Guide to Authors

The journal will publish this types of articles :

Original Research Articles:
These should describe new and carefully analysed and confirmed findings,backed with experimental procedures. Articles should be given in sufficient details for others to verify the work. The length of a full paper should be concise, required to describe and interpret the work clearly. Please include in the main paper a set of key words and an abstract followed by INTRODUCTION, MATERIALS and METHODS, RESULTS, DISCUSSION, ACKNOWLEDGMENTS and REFERENCES. All these must be in capital letters but not underlined.

Short Research Communication: These should presents a concise study, or sometimes preliminary but innovative. A research finding that might be less substantial than a full research paper. Short Research Communication is limited to 3000 words (excluding references and abstract). The main sections need not conform to that of full-length papers. It should have a set of key words ; an abstract- summarizing background of the work; research results and its implications. Followed by INTRODUCTION, MATERIALS and METHODS, RESULTS, DISCUSSION, ACKNOWLEDGMENTS and REFERENCES. All these must be in capital letters but not underlined.

Review or mini-review: A review article typically presents a summary and critical evaluation of information that has already been published, and considers the progress of current research toward clarifying a stated problem or topic. Submissions of reviews and perspectives covering topics of current interest are welcome and should be authoritative. Reviews should be concise, not exceeding 4 printed pages.

Author(s) are advised to carefully consider the preparation of papers to ensure that they communicate efficiently. Papers are much more likely to be accepted, if they are carefully designed and laid out, containing fewer or no errors. Papers should be conventional to the approach and instructions. However, author(s) are advised not to do self citation of previous study within their paper in order to uphold the credibility of their paper. Articles with self citations may not stand the chance of being accepted except absolutely necessary.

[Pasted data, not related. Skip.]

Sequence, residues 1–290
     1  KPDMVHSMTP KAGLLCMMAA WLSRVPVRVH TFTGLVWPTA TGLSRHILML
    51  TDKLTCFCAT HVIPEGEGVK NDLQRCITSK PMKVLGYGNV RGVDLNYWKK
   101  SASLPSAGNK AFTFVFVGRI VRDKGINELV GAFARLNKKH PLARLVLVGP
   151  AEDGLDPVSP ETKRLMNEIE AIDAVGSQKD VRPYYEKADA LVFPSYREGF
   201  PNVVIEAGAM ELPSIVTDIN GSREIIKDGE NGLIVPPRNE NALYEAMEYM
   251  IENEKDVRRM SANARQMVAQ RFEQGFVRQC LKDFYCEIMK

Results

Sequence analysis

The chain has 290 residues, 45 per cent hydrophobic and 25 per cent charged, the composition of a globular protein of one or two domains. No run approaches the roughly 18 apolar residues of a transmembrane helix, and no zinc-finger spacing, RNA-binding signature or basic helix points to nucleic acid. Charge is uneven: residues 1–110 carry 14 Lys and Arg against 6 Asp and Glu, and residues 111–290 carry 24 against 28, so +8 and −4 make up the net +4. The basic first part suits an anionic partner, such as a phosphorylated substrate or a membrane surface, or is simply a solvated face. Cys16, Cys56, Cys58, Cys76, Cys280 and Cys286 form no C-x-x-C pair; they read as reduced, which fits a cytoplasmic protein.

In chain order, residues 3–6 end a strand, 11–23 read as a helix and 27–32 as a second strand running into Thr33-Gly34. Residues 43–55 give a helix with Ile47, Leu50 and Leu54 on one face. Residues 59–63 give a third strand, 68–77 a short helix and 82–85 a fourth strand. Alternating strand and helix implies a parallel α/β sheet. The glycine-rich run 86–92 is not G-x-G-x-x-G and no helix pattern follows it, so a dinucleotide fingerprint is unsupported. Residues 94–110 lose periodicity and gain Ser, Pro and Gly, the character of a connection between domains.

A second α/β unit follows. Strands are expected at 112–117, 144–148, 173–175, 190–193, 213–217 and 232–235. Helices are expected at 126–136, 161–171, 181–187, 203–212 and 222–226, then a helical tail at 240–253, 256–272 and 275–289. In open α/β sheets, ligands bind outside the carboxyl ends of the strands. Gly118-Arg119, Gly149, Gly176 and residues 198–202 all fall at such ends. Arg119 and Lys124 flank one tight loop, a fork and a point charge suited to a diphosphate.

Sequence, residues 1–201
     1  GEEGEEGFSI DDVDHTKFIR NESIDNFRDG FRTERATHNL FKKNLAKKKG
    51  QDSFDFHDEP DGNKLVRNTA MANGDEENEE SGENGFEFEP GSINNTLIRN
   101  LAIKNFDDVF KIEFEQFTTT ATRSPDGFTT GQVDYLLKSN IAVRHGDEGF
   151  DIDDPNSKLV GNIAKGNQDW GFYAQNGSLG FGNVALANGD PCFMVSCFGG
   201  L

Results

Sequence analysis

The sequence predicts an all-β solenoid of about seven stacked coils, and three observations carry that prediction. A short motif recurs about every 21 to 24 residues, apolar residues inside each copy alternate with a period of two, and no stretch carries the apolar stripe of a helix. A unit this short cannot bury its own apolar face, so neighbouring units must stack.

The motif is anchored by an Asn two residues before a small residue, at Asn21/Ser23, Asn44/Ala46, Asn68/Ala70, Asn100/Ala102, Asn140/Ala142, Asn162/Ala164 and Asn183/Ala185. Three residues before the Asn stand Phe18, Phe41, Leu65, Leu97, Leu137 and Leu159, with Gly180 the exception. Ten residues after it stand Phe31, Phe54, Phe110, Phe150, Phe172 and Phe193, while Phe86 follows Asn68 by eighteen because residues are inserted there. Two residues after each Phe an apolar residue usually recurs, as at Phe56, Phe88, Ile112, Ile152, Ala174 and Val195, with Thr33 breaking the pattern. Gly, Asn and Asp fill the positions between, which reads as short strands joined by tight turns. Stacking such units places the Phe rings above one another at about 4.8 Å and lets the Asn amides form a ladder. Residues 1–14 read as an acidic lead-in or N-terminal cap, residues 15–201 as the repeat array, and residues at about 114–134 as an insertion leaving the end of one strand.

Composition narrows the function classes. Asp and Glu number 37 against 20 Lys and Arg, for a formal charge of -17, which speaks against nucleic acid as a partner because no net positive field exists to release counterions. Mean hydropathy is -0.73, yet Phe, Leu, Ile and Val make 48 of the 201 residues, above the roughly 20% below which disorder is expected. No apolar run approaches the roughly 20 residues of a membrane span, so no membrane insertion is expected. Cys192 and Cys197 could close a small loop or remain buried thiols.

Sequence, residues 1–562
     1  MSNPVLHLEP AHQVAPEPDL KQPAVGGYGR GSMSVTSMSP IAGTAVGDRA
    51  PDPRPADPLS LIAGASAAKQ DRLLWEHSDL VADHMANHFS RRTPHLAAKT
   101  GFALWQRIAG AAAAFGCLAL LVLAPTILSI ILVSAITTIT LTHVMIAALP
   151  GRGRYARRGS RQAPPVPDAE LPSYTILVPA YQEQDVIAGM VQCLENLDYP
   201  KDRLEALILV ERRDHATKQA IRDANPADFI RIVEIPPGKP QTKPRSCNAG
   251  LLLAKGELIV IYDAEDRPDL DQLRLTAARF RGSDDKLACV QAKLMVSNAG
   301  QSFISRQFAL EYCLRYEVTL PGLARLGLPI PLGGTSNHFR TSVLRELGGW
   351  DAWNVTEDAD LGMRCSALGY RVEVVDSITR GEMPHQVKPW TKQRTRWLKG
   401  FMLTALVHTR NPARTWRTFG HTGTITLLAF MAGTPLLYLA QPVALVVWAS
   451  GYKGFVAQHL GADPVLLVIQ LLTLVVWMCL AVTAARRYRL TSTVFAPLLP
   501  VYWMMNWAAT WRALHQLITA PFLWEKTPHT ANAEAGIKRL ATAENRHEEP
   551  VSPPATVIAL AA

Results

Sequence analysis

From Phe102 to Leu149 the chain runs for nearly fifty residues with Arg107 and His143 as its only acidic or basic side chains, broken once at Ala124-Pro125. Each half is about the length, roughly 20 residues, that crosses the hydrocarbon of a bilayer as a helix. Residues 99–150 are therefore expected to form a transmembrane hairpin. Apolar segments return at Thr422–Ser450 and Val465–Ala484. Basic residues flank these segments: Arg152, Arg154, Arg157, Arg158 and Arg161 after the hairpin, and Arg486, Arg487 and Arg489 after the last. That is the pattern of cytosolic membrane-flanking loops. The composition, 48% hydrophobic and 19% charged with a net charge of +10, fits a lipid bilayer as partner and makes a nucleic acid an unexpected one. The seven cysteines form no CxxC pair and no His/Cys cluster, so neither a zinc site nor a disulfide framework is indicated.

Original Research Articles
All portions of the manuscript must be typed double-spaced and all pages numbered starting from the title page.
The Title should be a brief phrase describing the contents of the paper. The Title Page should include the authors’ full names and affiliations, the name of the corresponding author along with phone, fax and E-mail information. An asterisk (*) must be placed after the corresponding authors name as superscript whose email adrees, telephone number can be given at the bottom left corner of the title. Corresponding author has the responsibility to ensure that all co authors are aware and approve the contents of the submitted manuscript.
An abstract of not more than 300 words should contain the objective, concise description of study design of plan, result and conclusion. Authors may list a maximum of five keywords for subject classification.
The Introduction should provide a clear statement of the problem, the relevant literature on the subject, and the proposed approach or solution. It should be understandable to colleagues from a broad range of scientific disciplines.
Materials and Methods This should be sufficiently detailed (with reference where possible) to permit other work to duplicate the study. Sources of materials used must be given and statistical method must be specified by reference unless non standard ones are used.
The Results must be clearly and concisely with the help of appropriate illustrative material tables and/or figures.
The Discussion should interpret the findings in view of the results obtained in this and in past studies on this topic. Unjustified speculation should be avoided.
Acknowledgments (if any) should be included at the very end of the paper before the references and may include supporting grants, presentations, and so forth.